Corridors and plazas are the malls of the future! #streetsforpeople

Bradley Ave Plaza #thefuture

In the realm of active transportation, we are always thinking about the future and the constantly changing trends, cultures, and behavior shifts – these are the heartbeat of the City that we listen to in order to plan and integrate our work into the ever-evolving urban fabric of Los Angeles.  The conversation about active transportation increasingly goes beyond the modes we are talking about (walking, biking, rolling). The beauty of active transportation is that it intertwines with other disciplines, a wide variety of stakeholders, and other physical and social aspects of public space like social life, urban spaces, and cultural programming. Constantly in our practice, we observe these ties, although they differ neighborhood to neighborhood and place by place, as each has its own deep cultural and historical influences. We were lucky enough to spend some time in one of these culturally-rich neighborhoods lately, learning about the lay of the land.

Last week, LADOT Active Transportation Division traveled to Van Nuys Boulevard in Pacoima to attend a workshop put on by the Urban Land Institute (ULI). Van Nuys Boulevard is no stranger to recognition! It has been designated by two council districts as a Great Street, was selected as one of four Demonstration Corridors in the country for ULI’s Healthy Corridors Grant, and today hosted the ribbon cutting of its People St Plaza, the Bradley Ave Plaza.

This neighborhood within Pacoima is a touch point for the conversation about mobility and transportation due to its confluence of modes: the historically car-dominated transect of the Valley crosses both Metrolink tracks and the San Fernando Road Bike Path, a right of way that has been slated for a proposed future high speed rail line. Additionally, Van Nuys Blvd. is being studied by Metro as part of the East San Fernando Valley Transit Corridor project. It remains to be seen what the future configuration of the street will look like or what type of transit and active transportation facilities will be built, but keep your ears peeled because improvements to mobility are in the works!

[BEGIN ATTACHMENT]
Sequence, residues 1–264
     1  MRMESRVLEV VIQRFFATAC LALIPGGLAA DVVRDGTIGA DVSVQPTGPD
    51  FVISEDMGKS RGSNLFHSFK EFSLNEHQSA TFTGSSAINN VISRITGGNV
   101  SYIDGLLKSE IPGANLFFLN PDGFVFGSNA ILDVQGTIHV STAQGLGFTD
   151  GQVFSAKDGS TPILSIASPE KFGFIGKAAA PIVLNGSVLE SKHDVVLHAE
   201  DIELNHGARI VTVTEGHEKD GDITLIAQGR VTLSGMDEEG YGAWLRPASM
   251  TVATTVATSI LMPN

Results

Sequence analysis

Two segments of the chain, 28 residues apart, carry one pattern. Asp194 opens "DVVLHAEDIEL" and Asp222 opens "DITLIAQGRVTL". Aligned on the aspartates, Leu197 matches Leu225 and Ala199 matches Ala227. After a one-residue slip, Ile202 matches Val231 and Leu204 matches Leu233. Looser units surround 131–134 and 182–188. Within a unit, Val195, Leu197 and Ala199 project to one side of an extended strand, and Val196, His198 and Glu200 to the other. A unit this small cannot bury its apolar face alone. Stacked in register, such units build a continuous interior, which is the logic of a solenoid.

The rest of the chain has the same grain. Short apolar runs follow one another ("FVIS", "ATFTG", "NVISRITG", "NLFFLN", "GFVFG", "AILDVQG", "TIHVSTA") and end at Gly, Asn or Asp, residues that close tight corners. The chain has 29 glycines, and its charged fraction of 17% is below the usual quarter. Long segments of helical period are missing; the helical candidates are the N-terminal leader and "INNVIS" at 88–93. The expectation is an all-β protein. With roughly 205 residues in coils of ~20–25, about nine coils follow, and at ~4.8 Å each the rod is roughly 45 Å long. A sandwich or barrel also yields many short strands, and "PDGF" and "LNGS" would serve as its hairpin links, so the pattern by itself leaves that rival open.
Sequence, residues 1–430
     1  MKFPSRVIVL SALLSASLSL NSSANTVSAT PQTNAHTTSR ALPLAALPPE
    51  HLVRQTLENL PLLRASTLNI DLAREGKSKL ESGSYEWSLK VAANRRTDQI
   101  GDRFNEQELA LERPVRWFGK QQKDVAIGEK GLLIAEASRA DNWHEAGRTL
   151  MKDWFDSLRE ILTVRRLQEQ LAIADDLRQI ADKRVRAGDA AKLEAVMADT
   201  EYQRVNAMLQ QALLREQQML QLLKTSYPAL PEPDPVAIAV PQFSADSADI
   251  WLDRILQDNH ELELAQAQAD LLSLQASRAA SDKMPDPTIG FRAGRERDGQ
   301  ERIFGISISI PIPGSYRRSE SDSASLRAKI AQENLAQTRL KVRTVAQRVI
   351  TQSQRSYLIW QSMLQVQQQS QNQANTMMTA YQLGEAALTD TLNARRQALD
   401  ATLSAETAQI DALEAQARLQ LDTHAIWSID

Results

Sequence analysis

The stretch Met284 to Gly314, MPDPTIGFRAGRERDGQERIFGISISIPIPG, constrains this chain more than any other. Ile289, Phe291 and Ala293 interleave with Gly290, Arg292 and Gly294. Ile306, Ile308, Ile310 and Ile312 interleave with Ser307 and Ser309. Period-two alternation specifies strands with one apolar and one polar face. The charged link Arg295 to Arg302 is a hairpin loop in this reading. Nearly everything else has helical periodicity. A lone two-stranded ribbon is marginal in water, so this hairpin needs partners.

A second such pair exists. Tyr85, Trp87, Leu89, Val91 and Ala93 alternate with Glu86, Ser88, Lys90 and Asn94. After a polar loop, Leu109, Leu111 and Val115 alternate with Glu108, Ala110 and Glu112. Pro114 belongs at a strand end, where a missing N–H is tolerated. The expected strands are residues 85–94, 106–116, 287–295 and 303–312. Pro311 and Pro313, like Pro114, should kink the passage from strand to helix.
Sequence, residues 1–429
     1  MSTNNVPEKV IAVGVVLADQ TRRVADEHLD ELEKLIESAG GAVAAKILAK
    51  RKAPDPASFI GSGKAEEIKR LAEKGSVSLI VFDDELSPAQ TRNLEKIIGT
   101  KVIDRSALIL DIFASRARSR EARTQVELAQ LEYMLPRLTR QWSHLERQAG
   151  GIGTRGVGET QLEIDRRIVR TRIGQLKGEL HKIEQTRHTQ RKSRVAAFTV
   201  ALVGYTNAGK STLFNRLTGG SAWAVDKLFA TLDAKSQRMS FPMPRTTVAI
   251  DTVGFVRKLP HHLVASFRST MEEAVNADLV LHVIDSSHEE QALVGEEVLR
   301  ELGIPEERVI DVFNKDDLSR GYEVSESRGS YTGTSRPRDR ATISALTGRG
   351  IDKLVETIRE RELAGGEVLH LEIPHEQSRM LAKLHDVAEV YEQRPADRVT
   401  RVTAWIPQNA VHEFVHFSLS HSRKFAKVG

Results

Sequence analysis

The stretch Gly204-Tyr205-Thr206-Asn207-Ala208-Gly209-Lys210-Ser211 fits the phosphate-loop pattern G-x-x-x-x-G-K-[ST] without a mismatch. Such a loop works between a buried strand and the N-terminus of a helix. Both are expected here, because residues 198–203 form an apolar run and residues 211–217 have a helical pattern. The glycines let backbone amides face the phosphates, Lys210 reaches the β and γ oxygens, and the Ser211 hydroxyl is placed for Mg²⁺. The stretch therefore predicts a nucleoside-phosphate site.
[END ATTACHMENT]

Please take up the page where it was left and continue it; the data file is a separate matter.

Max Podemski of Pacoima Beautiful leads a walking tour of Van Nuys Blvd, stopping at the intersection of Van Nuys Blvd and San Fernando Rd., where the bike path and Metrolink cruise side by side.

Pacoima is indicative of some of LA’s most significant growth challenges: though it lies in the heart of the sprawling single-family-home-oriented San Fernando Valley, because of ubiquitous under-the-radar garage conversions, the area reflects the density of multi-family housing. When reflecting on our favorite statistic, that 47% of trips in Los Angeles are under 3 miles and can easily be completed by walking or biking, we can’t help but see Van Nuys Blvd. as the ideal attractor for these local trips.

The ULI Healthy Corridors Workshop brought up some interesting points, but one of the things that piqued our attention was the term “economic leakage.” The workshop presented a number of snapshots and studies that have been conducted in the area. One study found that though many families- over 3000 property parcels- live within 1/2 mile of Van Nuys Boulevard, the vast majority leave the area to shop elsewhere.  This is the same story of economic decline of corridors and local economies over the past 40 years that can be told by countless cities and LA neighborhoods.

Just off Van Nuys Blvd., the walking tour revealed people already reclaiming sidewalk space for lounging, and spaces from a parking lot for a grassroots parklet.

Today we’re returning to the idea of streets as places for people. The game plan of how to get there will require a concert of strategies that touch on transportation, culture, economic development, and perhaps most importantly, partnership.